From the opening clip of Arnold Schwarzenegger and Franco Columbu plié-ing in a ballet studio, to the piano chords leading into Michael Small’s theme song with the great first lyric “Everybody wants to live forever,” to the training (with gym equipment you’re likely to find only in man caves), to the contest scenes, and everything in between—oh, and all the dialogue that’s been quoted by bodybuilders everywhere for the past 36 years—1977’s Pumping Iron, starring Schwarzenegger, Columbu, Lou Ferrigno, Ed Corney, Mike Katz, and Serge Nubret, among others, has been the inspiration for generations of aspiring bodybuilders.
Now, with the big-screen release of Generation Iron this September, bodybuilding gets a long-awaited and long-overdue makeover. Narrated by Oscar-nominated and Golden Globe-winning actor Mickey Rourke, Generation Iron takes over where Pumping Iron left off. Filmed last year, the docudrama stars Phil Heath, Kai Greene, Branch Warren, Dennis Wolf, Roelly Winklaar, Ben Pakulski, and Hidetada Yamagishi, and captures the real-life drama of the sport’s greatest athletes as they vie to become the 2012 Mr. Olympia.
In the past four issues of FLEX, director, writer, and producer Vlad Yudin (who had the unenviable task of filming contest-dieting bodybuilders—yikes!) gave us behind-the-scenes nuggets about filming Yamagishi, Winklaar, Wolf, Warren, and Pakulski.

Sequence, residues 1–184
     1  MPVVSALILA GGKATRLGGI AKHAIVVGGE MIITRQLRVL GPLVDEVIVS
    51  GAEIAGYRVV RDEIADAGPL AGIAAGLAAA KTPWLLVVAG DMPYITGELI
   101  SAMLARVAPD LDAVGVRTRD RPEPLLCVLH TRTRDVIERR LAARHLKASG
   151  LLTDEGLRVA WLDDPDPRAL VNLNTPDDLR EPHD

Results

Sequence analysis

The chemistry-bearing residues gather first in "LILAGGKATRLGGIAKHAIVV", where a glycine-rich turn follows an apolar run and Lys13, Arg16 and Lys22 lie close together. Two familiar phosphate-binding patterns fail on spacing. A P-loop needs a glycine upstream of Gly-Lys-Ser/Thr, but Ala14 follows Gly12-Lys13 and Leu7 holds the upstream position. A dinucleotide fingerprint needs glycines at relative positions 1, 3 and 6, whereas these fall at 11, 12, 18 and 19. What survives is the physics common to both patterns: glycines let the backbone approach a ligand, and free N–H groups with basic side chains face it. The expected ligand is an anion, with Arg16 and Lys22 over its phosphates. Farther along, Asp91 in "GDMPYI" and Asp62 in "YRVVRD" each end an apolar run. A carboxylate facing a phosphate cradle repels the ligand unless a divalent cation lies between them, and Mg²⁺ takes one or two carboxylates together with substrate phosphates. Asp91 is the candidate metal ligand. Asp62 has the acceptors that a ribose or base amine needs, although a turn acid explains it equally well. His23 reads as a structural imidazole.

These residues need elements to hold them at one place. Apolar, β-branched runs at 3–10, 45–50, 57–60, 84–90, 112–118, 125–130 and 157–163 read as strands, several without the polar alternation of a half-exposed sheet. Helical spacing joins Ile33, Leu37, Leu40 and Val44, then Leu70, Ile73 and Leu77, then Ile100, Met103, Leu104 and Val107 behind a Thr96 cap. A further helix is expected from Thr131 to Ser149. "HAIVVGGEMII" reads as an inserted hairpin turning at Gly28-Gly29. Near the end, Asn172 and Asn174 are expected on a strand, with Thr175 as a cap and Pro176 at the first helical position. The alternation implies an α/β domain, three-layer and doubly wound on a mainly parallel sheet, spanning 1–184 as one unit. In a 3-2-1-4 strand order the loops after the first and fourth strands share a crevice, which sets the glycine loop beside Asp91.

Here, in the first of our Generation Iron features, Yudin gives us more insight into the making of this ground-breaking film. We also get up close and personal with Kai Greene on what it means to be in a movie that’s sure to inspire the next wave of bodybuilding stars.
Vlad Yudin: There are a few reasons. First and foremost, I’m a huge fan of the original. There had been nothing of such magnitude done on this sport—at the time, most of the public wasn’t even aware that this was an actual sport. Pumping Iron changed the whole bodybuilding and fitness industry and the way regular people viewed weight training. I had a conversation with Jerome Gary [producer of Pumping Iron] and we talked in great detail about how this film changed the public’s perception of bodybuilding. Really, most people didn’t know what bodybuilding was. It’s one of those sports that’s largely unknown; to this day, there’s a lot of misunderstanding, so there needs to be a reeducation. We decided it was the right time to reintroduce it, if you will, to the new generation.